How to Choose a No-Trading-Fee Stock Trading App
This article will not make any recommendations about what kind of stocks or other instruments people should invest in. Instead I will describe how the different no-trading-fee apps currently operate and thus which one is best for any given type of investor. I base my comments upon the terms of service and my experiences using each app. I continue to currently use RobinHood, M1 Finance, and Alfa Invest -- and have previously used Stash and Webull.
Why No-Trading-Fee Apps?
Until a few years ago the only way to buy a stock or fund was to pay a trading fee for each purchase or sale. This fee is typically between five and ten dollars and not effected by the number or value of stocks being bought or sold. These fees are a substantial cost for less wealthy investors who may want to acquire stocks in small amounts as they put aside the necessary funds.
A number of companies have attempted to attract these customers by using different methods of monetization and eliminating trading fees entirely. These companies typically support trading through a simple app and provide a simplified service with limited options and customer support. However each of these app works rather differently and so is better suited to a different kind of customer.
M1 is an app that will allow a disciplined investor, interested in high value and expensive stocks, maximize their profit. Ask yourself:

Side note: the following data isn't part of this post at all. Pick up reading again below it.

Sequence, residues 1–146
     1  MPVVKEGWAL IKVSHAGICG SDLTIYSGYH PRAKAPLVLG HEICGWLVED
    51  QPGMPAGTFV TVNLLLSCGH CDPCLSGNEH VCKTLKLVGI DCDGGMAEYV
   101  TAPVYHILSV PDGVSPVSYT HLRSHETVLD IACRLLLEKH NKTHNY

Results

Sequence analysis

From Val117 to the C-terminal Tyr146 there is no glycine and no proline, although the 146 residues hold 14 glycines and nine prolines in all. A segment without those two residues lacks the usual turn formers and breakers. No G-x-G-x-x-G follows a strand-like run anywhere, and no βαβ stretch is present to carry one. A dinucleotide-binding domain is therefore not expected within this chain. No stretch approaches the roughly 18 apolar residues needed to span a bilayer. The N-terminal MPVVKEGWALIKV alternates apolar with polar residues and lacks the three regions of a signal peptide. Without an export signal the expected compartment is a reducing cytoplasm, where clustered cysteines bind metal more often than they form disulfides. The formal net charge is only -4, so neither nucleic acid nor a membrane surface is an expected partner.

- Am I interested in stocks that I cannot easily afford such as Apple at around $2000 a share
- Do I already have a clear idea of how much of my income I plan to invest and no trouble putting this money aside?
If so then M1 will be your best choice. It allows you to buy fractions of shares at a time, and automatically divide each deposit you make between your chosen stocks according to a set percentage. You will need $100 to start and $10 or more per deposit.
The real leader in this area is RobinHood. Their app is popular and generally less buggy than the others. Ask yourself:
- Does buying and tracking one stock at a time motivate you to invest more?
- Do you want to be able to automate buying and selling when stocks hit a target price?
- Do you have intermediate or better knowledge of stock trading?
If so, RobinHood might be the app for you. As a better established app it is also well-supported with peer-to-peer forums and Facebook groups. Qualifying accounts also have access to trading cryptocurrencies and options. However not being able to buy fractions of stock will tend to limit the diversity of your portfolio, make volatile penny stocks more attractive, and lead to lower profits for less experienced traders.
- Do you want to follow the investment patterns of famous and successful investors?
Alfa's trading app is not especially easy to use and fully-functional, but the information they offer about the portfolios of famous investors like Warren Buffet is hugely beneficial to investors starting out. If you don't have the time, skill or interest in becoming a stock expert it makes sense to copy those who are. The Alfa app brings this information direct to users in an easy-to-understand format.
- Do you just want your money invested with little or no effort?
Stash is easy to use but has limitations that will annoy most people with an actual interest in companies and stocks. With Stash you can easily invest in diversified funds with various themes. The funds have some variation in risk and rewards but are all fairly safe for the novice investor. There is a monthly $1 fee that may be excessive for very small time investors.